The Tanners dominated on both ends from there. After beating Classical 27-0, they jumped on Lynn English the next week early and survived a comeback attempt to get back to 3-3. Finally, the team showed a level of steadiness on both sides of the ball and most importantly played with confidence over teams they knew they could beat.
After the 34-19 Round 1 victory over Malden, a testament to how far this team has come since their trip to Lynn, Bettencourt spoke on the importance of his wild coaching decision at Classical:
“The 4th down play at Classical on my own 11, people thought I was crazy. That was a major breaking point for this team. Nobody will go back to that. Nobody will ever think to go back to that Classical game…when we were on our own 11, that was a break through for us. Cause that offensive line…on our own friggin 11 said ‘hey coach thinks we can do this, he’s out of his mind, but he thinks we can do this and we can.’”
Early season everybody began to ask, what would be the defining characteristic of this 2015 team? What would separate them for the enormous baseline that the well-documented 2014 set?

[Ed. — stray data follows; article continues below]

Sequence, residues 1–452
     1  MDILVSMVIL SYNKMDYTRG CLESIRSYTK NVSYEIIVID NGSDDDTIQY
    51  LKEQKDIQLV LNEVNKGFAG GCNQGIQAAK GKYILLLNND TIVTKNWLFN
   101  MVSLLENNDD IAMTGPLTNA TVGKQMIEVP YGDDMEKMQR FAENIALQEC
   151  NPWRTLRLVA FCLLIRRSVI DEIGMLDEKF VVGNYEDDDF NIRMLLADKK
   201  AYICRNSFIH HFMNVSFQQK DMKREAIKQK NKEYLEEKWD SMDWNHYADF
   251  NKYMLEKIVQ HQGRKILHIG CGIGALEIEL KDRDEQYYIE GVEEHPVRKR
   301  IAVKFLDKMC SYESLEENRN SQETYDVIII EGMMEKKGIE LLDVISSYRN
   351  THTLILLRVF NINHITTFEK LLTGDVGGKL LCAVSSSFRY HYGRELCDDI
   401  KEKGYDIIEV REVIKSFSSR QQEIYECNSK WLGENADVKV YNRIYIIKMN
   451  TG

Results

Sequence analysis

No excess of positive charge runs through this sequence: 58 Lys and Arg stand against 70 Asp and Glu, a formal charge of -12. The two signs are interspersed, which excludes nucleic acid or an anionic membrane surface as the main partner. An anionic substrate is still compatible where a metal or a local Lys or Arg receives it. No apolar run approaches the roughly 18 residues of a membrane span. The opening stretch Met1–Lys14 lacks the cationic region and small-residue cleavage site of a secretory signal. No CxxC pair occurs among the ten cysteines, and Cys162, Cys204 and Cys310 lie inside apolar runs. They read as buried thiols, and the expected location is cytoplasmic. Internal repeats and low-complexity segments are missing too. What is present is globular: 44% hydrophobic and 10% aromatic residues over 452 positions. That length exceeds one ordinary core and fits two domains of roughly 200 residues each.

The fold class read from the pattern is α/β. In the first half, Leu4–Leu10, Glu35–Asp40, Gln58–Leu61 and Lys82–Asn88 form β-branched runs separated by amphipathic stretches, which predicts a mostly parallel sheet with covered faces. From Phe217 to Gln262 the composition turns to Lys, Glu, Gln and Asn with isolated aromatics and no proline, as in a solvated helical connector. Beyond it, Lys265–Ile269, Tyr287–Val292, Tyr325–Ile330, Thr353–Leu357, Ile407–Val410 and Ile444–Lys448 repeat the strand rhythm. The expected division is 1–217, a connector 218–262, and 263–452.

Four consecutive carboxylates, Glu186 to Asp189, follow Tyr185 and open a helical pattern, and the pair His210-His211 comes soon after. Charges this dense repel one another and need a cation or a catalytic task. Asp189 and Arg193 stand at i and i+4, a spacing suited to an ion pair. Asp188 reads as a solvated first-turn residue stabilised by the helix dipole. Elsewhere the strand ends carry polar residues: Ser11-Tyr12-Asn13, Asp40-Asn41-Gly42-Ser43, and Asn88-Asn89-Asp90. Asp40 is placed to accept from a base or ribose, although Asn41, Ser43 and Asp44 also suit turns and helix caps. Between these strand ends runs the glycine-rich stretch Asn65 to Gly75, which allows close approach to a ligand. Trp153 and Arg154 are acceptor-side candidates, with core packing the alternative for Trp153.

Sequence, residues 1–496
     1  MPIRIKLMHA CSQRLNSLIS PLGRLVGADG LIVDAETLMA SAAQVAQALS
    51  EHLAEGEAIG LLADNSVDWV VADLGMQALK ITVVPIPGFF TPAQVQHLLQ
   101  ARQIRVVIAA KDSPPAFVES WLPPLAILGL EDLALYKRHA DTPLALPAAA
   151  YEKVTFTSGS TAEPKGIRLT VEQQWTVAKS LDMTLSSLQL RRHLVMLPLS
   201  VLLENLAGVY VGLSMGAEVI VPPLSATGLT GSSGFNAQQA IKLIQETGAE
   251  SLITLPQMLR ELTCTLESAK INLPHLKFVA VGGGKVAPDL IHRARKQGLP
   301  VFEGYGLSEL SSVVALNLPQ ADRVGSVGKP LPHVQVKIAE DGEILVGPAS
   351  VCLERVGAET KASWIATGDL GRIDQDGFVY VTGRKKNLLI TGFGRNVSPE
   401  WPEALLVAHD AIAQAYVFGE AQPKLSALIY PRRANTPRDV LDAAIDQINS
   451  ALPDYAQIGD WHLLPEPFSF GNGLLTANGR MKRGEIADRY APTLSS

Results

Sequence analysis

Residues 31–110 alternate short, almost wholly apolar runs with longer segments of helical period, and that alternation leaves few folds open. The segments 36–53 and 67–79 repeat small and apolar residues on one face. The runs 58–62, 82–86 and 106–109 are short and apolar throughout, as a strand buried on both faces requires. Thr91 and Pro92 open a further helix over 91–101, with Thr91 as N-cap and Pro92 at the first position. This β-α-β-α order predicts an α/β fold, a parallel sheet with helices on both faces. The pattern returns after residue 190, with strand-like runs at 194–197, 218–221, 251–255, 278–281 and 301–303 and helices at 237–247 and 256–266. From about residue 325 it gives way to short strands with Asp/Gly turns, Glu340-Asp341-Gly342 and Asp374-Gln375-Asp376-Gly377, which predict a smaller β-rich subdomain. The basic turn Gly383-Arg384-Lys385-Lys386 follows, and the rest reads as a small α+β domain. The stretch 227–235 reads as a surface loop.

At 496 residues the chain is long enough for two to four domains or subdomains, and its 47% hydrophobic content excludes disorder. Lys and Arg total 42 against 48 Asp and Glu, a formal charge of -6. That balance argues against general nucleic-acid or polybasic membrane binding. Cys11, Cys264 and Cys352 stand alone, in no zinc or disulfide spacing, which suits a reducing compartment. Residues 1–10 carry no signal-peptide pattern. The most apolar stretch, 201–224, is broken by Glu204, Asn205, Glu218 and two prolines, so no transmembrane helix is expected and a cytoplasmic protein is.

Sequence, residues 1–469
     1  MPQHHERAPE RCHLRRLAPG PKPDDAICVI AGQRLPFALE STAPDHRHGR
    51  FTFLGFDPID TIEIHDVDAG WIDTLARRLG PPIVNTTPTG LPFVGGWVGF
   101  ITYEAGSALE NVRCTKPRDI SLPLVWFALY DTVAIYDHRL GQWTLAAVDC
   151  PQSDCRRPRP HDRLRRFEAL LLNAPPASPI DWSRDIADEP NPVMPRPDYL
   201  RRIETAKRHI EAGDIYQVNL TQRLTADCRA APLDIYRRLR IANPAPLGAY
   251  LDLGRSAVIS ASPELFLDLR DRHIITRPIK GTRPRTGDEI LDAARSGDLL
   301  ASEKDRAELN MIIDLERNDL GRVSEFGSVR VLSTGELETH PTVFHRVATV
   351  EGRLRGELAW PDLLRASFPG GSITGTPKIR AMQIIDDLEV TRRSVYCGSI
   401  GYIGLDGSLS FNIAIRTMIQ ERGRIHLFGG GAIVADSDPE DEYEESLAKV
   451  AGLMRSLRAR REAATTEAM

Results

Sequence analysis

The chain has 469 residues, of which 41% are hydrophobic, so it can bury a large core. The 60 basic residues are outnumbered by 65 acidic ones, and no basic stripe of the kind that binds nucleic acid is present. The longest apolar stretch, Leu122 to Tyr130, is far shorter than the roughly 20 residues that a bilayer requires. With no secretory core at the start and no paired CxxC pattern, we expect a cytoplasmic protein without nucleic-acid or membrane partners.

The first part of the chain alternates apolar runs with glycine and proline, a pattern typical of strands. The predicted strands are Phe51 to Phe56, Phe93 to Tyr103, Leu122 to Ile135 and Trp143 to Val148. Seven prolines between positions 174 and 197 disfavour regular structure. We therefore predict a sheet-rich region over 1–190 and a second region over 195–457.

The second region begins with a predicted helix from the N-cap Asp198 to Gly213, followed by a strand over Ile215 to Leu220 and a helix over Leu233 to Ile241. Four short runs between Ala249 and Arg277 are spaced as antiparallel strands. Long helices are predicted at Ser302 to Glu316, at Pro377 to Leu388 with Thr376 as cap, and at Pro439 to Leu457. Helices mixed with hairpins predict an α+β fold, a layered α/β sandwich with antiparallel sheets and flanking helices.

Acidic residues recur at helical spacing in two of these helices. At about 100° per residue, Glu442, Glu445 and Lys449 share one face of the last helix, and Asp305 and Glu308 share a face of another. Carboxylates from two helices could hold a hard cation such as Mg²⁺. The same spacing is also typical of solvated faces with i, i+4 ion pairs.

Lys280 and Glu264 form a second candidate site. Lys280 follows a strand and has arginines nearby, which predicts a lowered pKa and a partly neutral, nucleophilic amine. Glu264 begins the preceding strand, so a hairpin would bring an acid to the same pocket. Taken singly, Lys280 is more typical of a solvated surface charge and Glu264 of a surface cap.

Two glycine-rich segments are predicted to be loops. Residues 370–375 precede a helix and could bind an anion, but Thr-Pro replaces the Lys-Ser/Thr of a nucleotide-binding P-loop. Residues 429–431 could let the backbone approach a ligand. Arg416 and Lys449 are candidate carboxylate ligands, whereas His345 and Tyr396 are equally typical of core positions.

The answers became apparent upon return from Lynn. They were the composed ones against a highly-touted Danvers team that came in for Week 7 at 5-1. The Tanners were all over them from start to finish, making plays on each end of the ball off countless Danvers mistakes.
With a little help, they were improbably back at home facing a Malden team hot off their GBL title win vs Everett. A team that was 1-3 to start the year found themselves as the 4 seed again.
If there was any doubt about the definition of the 2015 Tanners, they were quickly dispelled. Doug Santos had arguably his greatest game ever (400 all-purpose yards, 4 TD) behind the offensive line once scrutinized so heavily. The defensive line began to add to their own story by owning the line of scrimmage, while the team as a whole showed an incredible prowess to execute in the biggest moments.